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Home News Mini Miss and Miss Colusa County: The First Interview

Mini Miss and Miss Colusa County: The First Interview

2016 Mini Miss Colusa County, Karsyn Gwinnup and Miss Colusa County Ellie Geyer.
2016 Mini Miss Colusa County, Karsyn Gwinnup and Miss Colusa County Ellie Geyer.

It’s now been two weeks since the 77th Annual run of the Colusa County Fair wrapped up, but the reign of the newly-crowned fair royalty has only just begun.

Mini Miss Colusa County Karsyn Gwinnup and Miss Colusa County Ellie Geyer checked in with the Pioneer Review last week to describe their experience at the pageants and the fair, and to offer a glimpse into what they will be doing in and for the community during their reign.

The girls’ responsibilities began immediately after their respective coronations, and presiding over the rest of the fair was their first order of business.

The girls’ first event together was the Seniors Luncheon at the fair, which both girls described as an early favorite.

“That was my favorite event at the fair, I think, by far,” Gwinnup said. All of the ladies there were so nice. They all said, ‘I think I know your parents.’”

Since then, Gwinnup and Geyer have already been out and about in the county, as both attending the grand re-opening of the Maxwell Pool on Saturday. The event was the first of many in the county that will be graced with the presence of the two young women.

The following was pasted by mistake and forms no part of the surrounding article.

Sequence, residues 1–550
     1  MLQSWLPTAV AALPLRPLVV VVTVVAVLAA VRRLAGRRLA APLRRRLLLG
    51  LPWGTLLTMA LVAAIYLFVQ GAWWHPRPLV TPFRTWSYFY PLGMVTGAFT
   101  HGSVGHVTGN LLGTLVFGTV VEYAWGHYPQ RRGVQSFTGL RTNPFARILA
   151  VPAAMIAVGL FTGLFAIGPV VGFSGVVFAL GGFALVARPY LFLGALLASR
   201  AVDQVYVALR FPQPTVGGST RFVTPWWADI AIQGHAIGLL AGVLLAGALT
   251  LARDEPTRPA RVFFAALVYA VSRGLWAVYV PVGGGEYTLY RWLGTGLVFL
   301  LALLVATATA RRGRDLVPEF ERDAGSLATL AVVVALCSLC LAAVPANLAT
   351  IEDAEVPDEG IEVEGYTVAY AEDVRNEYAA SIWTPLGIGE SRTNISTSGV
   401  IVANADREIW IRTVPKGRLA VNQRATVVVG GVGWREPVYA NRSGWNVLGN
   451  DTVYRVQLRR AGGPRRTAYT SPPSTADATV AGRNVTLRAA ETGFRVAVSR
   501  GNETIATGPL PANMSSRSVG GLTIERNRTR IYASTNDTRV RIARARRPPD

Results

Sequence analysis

Looking forward

“Now that we’re reps of Colusa County itself, Karsyn and I will be attending a lot of events starting this summer,” Geyer said, when asked how her new title would involve her within the community in the coming year. “And, just sort of getting our little county out there.”

Gwinnup added that she was looking forward to more opportunities to showcase her voice, which wowed the judges and the crowd alike during the Mini Miss pageant.

“It really builds my chances to talk to people,” Geyer said. “ it’s definitely a platform for me — just the pageant itself was a platform for me. I couldn’t have wished to have gone above and beyond where I am now, and I’m lucky to have won and get a whole extra year of this experience to build on what I’ve already done.”

Gwinnup said that she was most excited to attend the Glenn County Fair in 2017, while Geyer offered a list of events in 2016-17.

“We have the Butte Fair, Glenn County, Nevada — we’re trying to go to the California State Fair. We’ll see. We stay in touch with Jonathan and the board, and stay involved with all of the events at our fairgrounds, too. We’re going to busy. Just the week of fair was busy for us,” Geyer said.

Looking Back

While the girls have a year’s worth of events to look forward to, they both said that they already miss the fair and were sad to see the pageant process come to an end.

“I feel like once you get crowned, the fair goes by really fast,” Gwinnup said.